controlled by MACVSOG, and recon teams integrated both 
MACVSOG and Liaison Service personnel. 

In December 1970, in accordance with the ‘Vietnamiz- 
ation’ policy, all CIDG border camps were turned over to the 
South Vietnamese government and CIDG units were incor- 
porated into the ARVN as Bret Dong Quan, or Ranger, border 
battalions. No longer needed as a CIDG training force, the 
LLDB was dissolved in the same month. Officers above 
captain were sent to the Biet Dong Quan; the best of the 
remaining officers and men were selected for anew STD unit, 
the Special Mission Service. At the same time 81 Airborne 

French and Lao members of 1 CCPL in US-supplied World 
War Two Pacific camouflage uniforms engage the enemy 
with MAS36 rifles in what appears to be a posed publicity 
picture, February 1951. (ECPA) 

ie 8 

Ranger Battalion was expanded into 81 Airborne Ranger 
Group consisting of one headquarters company, one recon 
company, and seven exploitation companies. The Group was 
put under the direct control of the Army G-2 (Intelligence). 

During 1970 the Liaison Service had staged numerous 
cross-border missions into Cambodia in support of major 
external sweeps by the US and South Vietnamese forces 
against Communist sanctuaries. Early the following year the 
Service sent three recon teams into the ‘Laotian Panhandle’ 
two weeks before the ARVN’s February Lam Son 719 

In February 1971 the STD underwent major reorganiz- 
ation in accordance with Vietnamization and its anticipated 
increase in special operations responsibilities. Headquartered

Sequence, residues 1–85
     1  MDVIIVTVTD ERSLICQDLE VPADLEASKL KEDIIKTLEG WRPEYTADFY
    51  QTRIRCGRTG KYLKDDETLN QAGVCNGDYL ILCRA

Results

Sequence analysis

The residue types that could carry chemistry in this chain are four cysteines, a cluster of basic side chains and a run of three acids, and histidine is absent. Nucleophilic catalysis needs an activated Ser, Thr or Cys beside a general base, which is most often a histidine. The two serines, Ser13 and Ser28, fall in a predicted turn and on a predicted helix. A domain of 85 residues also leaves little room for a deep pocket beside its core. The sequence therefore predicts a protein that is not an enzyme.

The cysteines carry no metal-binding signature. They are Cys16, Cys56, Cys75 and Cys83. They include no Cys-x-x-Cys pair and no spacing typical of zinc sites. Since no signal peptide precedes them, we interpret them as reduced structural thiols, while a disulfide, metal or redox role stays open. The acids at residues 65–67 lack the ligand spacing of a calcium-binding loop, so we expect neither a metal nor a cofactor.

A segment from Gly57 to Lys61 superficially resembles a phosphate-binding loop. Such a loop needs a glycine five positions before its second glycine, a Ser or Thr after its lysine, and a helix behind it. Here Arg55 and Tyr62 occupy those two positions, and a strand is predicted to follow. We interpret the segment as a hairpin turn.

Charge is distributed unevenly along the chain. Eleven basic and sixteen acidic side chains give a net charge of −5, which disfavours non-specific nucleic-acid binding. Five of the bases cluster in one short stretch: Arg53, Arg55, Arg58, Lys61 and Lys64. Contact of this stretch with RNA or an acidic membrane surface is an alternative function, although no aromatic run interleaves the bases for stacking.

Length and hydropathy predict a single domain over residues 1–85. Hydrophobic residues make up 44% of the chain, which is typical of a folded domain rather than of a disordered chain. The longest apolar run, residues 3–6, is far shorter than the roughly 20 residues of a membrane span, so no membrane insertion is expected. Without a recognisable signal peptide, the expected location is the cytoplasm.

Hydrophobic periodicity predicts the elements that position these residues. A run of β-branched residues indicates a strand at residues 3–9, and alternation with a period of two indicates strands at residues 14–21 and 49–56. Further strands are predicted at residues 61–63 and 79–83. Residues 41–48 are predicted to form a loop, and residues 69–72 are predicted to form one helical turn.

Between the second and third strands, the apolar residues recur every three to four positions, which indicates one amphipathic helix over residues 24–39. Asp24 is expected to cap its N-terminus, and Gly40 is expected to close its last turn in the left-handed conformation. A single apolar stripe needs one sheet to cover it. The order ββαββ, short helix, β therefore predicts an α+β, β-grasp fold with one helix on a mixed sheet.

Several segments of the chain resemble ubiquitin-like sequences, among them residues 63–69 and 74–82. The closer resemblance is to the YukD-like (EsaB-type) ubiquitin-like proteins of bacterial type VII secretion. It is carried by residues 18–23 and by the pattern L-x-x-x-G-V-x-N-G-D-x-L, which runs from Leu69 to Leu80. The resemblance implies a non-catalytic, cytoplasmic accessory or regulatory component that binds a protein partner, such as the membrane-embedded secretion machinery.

in Saigon, STD command was given to Col. Doan Van Nhu, 
an ARVN airborne officer and former military attaché to 
Taiwan. As STD commander, and a non-voting member of 
the South Vietnamese National Security Council, Nhu took 
orders only from President Nguyen Van Thieu and the Chief 
of the ARVN JGS. 

The expanded STD consisted of a headquarters, a training 
center, three support services, and six combat services. The 
training center was located at Camp Yen The in Long Thanh: 
Yen The, significantly, was the name of a resistance move- 
ment in northern Vietnam during the 11th century. Airborne 
instruction was conducted at the ARVN Airborne Division’s 
Camp Ap Don at Tan Son Nhut. The three support services 
were Administration & Logistics; Operations & Intelligence; 


and Psychological Warfare, which ran the ‘Vietnam Mother- 
land’, ‘Voice of Liberty’, and ‘Patriotic Front of the Sacred 
Sword’ clandestine radio stations. The combat services were 
the Liaison Service; the Special Mission Service; Group 11; 
Group 68; the Air Support Service; and the Coastal Security 

The Liaison Service, commanded by a colonel in Saigon, 
was composed of experienced Loi Ho (‘Pull a tiger’s tail’) 
recon commandos divided among ‘Task Force 1 (Da Nang), 
Task Force 2 (Kontum), and ‘Task Force 3 (Ban Me Thuot). 

The Special Mission Service, also commanded by a colonel, 
was headquartered at Camp Son Tra in Da Nang. It